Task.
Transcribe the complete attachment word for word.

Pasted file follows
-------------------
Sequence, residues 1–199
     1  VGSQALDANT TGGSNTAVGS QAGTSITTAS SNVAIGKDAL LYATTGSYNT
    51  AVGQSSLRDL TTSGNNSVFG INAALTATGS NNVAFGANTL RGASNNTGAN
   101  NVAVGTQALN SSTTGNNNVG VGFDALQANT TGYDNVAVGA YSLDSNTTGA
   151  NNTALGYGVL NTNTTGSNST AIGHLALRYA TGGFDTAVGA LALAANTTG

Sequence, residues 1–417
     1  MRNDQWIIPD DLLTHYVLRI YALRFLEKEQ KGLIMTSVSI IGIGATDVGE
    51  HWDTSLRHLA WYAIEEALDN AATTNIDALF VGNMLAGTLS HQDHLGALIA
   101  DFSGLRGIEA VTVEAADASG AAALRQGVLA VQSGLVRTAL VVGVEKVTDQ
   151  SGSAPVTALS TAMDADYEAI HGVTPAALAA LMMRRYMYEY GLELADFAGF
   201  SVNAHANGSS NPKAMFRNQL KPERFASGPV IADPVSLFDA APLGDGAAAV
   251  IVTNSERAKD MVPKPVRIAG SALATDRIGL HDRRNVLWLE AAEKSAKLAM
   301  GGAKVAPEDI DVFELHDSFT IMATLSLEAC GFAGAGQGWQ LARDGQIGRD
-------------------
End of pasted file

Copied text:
Sequence, residues 1–199
     1  VGSQALDANT TGGSNTAVGS QAGTSITTAS SNVAIGKDAL LYATTGSYNT
    51  AVGQSSLRDL TTSGNNSVFG INAALTATGS NNVAFGANTL RGASNNTGAN
   101  NVAVGTQALN SSTTGNNNVG VGFDALQANT TGYDNVAVGA YSLDSNTTGA
   151  NNTALGYGVL NTNTTGSNST AIGHLALRYA TGGFDTAVGA LALAANTTG

Sequence, residues 1–417
     1  MRNDQWIIPD DLLTHYVLRI YALRFLEKEQ KGLIMTSVSI IGIGATDVGE
    51  HWDTSLRHLA WYAIEEALDN AATTNIDALF VGNMLAGTLS HQDHLGALIA
   101  DFSGLRGIEA VTVEAADASG AAALRQGVLA VQSGLVRTAL VVGVEKVTDQ
   151  SGSAPVTALS TAMDADYEAI HGVTPAALAA LMMRRYMYEY GLELADFAGF
   201  SVNAHANGSS NPKAMFRNQL KPERFASGPV IADPVSLFDA APLGDGAAAV
   251  IVTNSERAKD MVPKPVRIAG SALATDRIGL HDRRNVLWLE AAEKSAKLAM
   301  GGAKVAPEDI DVFELHDSFT IMATLSLEAC GFAGAGQGWQ LARDGQIGRD